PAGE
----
Michelle E Ehrlich

Icahn School of Medicine at Mount Sinai, Borough of Manhattan, New York, United States

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Publications (87)554.64 Total impact


  • No preview · Article · Jan 2016
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    ABSTRACT: In the striatum, signaling via G protein-coupled neurotransmitter receptors is essential for motor control. Critical to this process is the effector enzyme adenylyl cyclase type 5 (AC5) that produces second messenger cAMP upon receptor-mediated activation by G protein G olf . However, the molecular organization of the G olf -AC5 signaling axis is not well understood. In this study, we report that in the striatum AC5 exists in a stable pre-coupled complex with subunits of Golf heterotrimer. We use genetic mouse models with disruption in individual components of the complex to reveal hierarchical order of interactions required for AC5-G olf stability. We further identify that the assembly of AC5-G olf complex is mediated by PhLP1 chaperone that plays central role in neurotransmitter receptor coupling to cAMP production motor learning. These findings provide evidence for the existence of stable G protein-effector signaling complexes and identify a new component essential for their assembly.
    No preview · Article · Nov 2015 · eLife Sciences
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    ABSTRACT: The presenilin 1 (PSEN1) L271V mutation causes early-onset familial Alzheimer’s disease by disrupting the alternative splicing of the PSEN1 gene, producing some transcripts harboring the L271V point mutation and other transcripts lacking exon 8 (PS1∆exon8). We previously reported that PS1 L271V increased amyloid beta (Aβ) 42/40 ratios, while PS1∆exon8 reduced Aβ42/40 ratios, indicating that the former and not the exon 8 deletion transcript is amyloidogenic. Also, PS1∆exon8 did not rescue Aβ generation in PS1/2 double knockout cells indicating its identity as a severe loss-of-function splice form. PS1∆exon8 is generated physiologically raising the possibility that we had identified the first physiological inactive PS1 isoform. We studied PS1∆exon8 in vivo by crossing PS1∆exon8 transgenics with either PS1-null or Dutch APPE693Q mice. As a control, we crossed APPE693Q with mice expressing a deletion in an adjacent exon (PS1∆exon9). PS1∆exon8 did not rescue embryonic lethality or Notch-deficient phenotypes of PS1-null mice displaying severe loss of function in vivo. We also demonstrate that this splice form can interact with wildtype PS1 using cultured cells and co-immunoprecipitation (co-IP)/bimolecular fluorescence complementation. Further co-IP demonstrates that PS1∆exon8 interacts with nicastrin, participating in the γ–secretase complex formation. These data support that catalytically inactive PS1∆exon8 is generated physiologically and participates in protein-protein interactions.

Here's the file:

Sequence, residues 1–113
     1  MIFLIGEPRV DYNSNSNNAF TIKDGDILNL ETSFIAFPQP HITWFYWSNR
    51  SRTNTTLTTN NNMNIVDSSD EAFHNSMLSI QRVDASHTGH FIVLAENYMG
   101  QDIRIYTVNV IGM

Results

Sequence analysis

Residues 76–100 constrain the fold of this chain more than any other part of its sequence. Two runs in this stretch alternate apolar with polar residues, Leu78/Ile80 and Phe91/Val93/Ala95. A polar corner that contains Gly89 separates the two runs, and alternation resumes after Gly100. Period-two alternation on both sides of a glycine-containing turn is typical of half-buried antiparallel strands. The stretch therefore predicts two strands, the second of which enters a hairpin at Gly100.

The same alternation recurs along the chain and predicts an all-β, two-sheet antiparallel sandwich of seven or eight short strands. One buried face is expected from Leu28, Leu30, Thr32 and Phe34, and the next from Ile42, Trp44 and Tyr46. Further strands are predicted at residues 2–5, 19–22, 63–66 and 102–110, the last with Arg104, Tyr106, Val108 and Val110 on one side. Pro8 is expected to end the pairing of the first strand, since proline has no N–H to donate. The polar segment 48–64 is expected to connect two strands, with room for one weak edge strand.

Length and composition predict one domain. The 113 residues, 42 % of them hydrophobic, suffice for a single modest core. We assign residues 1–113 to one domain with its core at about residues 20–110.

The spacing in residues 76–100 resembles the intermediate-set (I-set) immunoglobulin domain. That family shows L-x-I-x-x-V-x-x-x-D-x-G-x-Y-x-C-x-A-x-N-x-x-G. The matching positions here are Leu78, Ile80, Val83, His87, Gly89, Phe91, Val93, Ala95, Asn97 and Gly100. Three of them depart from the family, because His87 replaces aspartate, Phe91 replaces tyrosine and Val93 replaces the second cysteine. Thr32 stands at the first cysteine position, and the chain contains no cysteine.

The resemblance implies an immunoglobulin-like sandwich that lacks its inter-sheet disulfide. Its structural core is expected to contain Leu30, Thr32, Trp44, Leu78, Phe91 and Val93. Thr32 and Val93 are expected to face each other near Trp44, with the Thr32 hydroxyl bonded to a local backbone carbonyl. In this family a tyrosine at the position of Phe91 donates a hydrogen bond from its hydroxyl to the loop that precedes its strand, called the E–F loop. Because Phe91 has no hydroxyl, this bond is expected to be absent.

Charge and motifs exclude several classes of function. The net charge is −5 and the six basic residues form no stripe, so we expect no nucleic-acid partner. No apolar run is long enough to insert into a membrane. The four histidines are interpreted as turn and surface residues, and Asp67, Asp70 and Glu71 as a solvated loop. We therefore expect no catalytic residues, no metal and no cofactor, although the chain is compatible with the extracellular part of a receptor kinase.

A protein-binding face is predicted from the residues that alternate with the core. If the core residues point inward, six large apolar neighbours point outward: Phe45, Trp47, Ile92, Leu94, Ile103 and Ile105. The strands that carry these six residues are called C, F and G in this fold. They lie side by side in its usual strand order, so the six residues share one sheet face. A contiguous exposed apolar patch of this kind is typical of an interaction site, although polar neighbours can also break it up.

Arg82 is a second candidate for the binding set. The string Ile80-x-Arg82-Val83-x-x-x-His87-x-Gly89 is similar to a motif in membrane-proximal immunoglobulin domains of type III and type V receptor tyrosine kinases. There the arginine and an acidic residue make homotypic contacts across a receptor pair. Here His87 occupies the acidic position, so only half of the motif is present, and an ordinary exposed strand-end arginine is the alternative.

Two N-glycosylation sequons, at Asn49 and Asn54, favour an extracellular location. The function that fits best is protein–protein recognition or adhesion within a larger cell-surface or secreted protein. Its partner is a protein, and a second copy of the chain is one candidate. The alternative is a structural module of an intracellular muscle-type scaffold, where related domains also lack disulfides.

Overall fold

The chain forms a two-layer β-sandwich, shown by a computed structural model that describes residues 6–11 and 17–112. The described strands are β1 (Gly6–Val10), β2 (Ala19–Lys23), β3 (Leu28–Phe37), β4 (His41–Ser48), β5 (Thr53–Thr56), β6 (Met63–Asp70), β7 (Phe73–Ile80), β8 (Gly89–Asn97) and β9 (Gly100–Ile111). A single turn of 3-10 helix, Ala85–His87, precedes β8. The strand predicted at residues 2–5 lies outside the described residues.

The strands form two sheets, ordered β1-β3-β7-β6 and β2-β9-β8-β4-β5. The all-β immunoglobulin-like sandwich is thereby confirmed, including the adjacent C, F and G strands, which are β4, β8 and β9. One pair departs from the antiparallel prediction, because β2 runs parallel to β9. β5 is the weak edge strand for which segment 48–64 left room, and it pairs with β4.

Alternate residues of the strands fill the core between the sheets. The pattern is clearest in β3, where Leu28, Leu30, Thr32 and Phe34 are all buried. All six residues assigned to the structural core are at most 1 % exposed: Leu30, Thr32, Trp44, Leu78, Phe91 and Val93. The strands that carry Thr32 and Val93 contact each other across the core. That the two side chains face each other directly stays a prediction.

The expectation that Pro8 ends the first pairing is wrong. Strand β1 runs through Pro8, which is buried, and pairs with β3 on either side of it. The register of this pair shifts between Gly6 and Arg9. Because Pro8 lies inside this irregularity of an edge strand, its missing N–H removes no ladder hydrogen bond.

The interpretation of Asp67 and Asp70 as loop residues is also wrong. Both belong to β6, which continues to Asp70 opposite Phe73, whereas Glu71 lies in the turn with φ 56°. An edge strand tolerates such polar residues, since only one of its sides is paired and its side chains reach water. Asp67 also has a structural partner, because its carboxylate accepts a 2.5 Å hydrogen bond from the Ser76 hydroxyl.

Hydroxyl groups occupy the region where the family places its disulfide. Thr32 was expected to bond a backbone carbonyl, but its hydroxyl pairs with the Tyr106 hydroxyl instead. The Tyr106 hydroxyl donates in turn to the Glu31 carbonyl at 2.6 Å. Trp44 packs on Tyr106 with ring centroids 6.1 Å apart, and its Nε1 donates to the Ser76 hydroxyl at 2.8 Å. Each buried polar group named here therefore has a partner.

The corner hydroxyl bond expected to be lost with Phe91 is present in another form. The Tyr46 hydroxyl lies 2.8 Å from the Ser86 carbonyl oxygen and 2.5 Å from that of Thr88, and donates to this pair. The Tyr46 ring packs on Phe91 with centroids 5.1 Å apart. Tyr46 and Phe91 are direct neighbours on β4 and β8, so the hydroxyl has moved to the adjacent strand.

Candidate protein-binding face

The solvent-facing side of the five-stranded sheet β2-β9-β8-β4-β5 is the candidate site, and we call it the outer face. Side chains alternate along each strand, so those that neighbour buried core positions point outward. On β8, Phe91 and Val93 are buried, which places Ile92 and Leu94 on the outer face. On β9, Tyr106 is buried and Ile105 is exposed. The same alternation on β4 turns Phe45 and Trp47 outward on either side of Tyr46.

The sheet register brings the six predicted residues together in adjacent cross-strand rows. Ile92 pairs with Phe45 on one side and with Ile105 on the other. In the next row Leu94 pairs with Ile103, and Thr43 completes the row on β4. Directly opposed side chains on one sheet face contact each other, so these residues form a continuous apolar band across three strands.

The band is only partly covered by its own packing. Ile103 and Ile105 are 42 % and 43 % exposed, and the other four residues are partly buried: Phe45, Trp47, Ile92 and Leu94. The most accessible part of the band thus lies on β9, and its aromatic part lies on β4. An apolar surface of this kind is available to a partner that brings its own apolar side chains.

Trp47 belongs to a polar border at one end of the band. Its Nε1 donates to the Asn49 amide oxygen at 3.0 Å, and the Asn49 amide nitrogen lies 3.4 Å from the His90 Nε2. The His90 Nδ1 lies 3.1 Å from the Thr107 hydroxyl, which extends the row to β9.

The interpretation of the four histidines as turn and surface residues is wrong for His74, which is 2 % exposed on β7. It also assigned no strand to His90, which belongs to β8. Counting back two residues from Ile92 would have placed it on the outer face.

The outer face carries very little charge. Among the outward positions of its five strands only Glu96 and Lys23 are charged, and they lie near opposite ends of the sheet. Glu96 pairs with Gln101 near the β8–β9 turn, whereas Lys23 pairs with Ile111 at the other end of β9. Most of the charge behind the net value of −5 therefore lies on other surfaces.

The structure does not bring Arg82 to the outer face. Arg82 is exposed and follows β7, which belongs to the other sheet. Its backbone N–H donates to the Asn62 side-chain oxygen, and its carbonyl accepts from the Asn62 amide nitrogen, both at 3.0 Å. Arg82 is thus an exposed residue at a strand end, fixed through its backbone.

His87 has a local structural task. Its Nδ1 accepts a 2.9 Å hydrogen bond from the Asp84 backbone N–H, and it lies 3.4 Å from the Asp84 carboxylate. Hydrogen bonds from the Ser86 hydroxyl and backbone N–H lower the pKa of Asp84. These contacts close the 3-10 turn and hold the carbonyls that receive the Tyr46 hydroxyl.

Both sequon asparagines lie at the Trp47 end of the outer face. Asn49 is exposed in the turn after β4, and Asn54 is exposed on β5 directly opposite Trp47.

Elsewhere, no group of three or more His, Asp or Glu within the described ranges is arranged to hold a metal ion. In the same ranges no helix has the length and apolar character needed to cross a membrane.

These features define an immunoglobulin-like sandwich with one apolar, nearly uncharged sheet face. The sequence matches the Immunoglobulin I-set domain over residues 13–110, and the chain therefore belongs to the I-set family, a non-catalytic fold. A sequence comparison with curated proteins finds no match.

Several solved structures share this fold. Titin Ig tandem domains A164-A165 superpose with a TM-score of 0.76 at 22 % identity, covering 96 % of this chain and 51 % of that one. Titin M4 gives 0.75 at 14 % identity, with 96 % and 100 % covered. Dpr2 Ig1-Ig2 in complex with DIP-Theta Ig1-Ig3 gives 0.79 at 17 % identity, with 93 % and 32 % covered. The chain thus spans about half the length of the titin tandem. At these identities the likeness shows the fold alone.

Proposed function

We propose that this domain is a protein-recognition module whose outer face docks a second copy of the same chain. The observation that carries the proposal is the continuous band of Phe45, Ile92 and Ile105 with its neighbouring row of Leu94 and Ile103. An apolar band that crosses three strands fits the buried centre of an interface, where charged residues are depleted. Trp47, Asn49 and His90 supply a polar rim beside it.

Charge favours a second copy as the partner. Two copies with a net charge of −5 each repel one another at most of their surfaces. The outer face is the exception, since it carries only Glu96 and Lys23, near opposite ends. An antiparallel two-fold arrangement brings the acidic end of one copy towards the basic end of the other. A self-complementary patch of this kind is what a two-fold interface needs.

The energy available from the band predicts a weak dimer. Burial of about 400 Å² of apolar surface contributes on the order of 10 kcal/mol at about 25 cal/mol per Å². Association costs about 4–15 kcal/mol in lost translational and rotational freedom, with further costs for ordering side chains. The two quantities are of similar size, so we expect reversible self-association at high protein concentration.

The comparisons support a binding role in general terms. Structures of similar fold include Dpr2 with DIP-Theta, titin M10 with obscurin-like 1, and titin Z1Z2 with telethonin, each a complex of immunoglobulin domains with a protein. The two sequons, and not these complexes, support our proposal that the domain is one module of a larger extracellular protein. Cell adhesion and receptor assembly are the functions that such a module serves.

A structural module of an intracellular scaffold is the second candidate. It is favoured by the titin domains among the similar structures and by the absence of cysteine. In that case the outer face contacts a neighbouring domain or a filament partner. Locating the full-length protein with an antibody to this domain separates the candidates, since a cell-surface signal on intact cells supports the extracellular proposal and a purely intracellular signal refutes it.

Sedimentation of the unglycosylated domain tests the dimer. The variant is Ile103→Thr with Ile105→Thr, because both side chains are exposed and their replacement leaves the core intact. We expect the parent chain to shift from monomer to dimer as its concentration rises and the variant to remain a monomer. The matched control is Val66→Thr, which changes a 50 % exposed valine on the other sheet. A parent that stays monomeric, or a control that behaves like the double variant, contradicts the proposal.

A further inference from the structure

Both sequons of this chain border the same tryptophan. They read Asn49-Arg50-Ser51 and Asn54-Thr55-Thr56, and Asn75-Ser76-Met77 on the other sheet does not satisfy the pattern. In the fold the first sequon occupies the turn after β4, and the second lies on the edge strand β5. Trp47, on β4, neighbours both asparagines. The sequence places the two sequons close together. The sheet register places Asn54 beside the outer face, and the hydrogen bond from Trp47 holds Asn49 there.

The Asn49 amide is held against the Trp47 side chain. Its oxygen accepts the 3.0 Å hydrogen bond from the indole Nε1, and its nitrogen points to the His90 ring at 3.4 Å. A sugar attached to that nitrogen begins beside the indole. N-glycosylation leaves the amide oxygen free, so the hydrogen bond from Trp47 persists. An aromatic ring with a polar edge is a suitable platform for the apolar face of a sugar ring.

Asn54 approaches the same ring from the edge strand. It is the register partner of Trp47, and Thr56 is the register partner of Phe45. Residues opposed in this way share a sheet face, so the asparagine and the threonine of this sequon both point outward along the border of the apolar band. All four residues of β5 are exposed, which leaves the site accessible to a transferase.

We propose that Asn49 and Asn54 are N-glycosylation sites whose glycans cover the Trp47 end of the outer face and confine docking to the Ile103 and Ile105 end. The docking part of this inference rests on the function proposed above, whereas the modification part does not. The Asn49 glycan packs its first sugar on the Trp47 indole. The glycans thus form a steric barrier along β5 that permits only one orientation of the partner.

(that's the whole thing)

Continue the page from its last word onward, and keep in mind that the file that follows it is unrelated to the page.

Full-text · Article · Nov 2015 · Scientific Reports
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    ABSTRACT: Identification and characterization of molecular mechanisms that connect genetic risk factors to initiation and evolution of disease pathophysiology represent major goals and opportunities for improving therapeutic and diagnostic outcomes in Alzheimer's disease (AD). Integrative genomic analysis of the human AD brain transcriptome holds potential for revealing novel mechanisms of dysfunction that underlie the onset and/or progression of the disease. We performed an integrative genomic analysis of brain tissue-derived transcriptomes measured from two lines of mice expressing distinct mutant AD-related proteins. The first line expresses oligomerogenic mutant APP(E693Q) inside neurons, leading to the accumulation of amyloid beta (Aβ) oligomers and behavioral impairment, but never develops parenchymal fibrillar amyloid deposits. The second line expresses APP(KM670/671NL)/PSEN1(Δexon9) in neurons and accumulates fibrillar Aβ amyloid and amyloid plaques accompanied by neuritic dystrophy and behavioral impairment. We performed RNA sequencing analyses of the dentate gyrus and entorhinal cortex from each line and from wild-type mice. We then performed an integrative genomic analysis to identify dysregulated molecules and pathways, comparing transgenic mice with wild-type controls as well as to each other. We also compared these results with datasets derived from human AD brain. Differential gene and exon expression analysis revealed pervasive alterations in APP/Aβ metabolism, epigenetic control of neurogenesis, cytoskeletal organization and extracellular matrix (ECM) regulation. Comparative molecular analysis converged on FMR1 (Fragile X Mental Retardation 1), an important negative regulator of APP translation and oligomerogenesis in the post-synaptic space. Integration of these transcriptomic results with human postmortem AD gene networks, differential expression and differential splicing signatures identified significant similarities in pathway dysregulation, including ECM regulation and neurogenesis, as well as strong overlap with AD-associated co-expression network structures. The strong overlap in molecular systems features supports the relevance of these findings from the AD mouse models to human AD.Molecular Psychiatry advance online publication, 10 November 2015; doi:10.1038/mp.2015.167.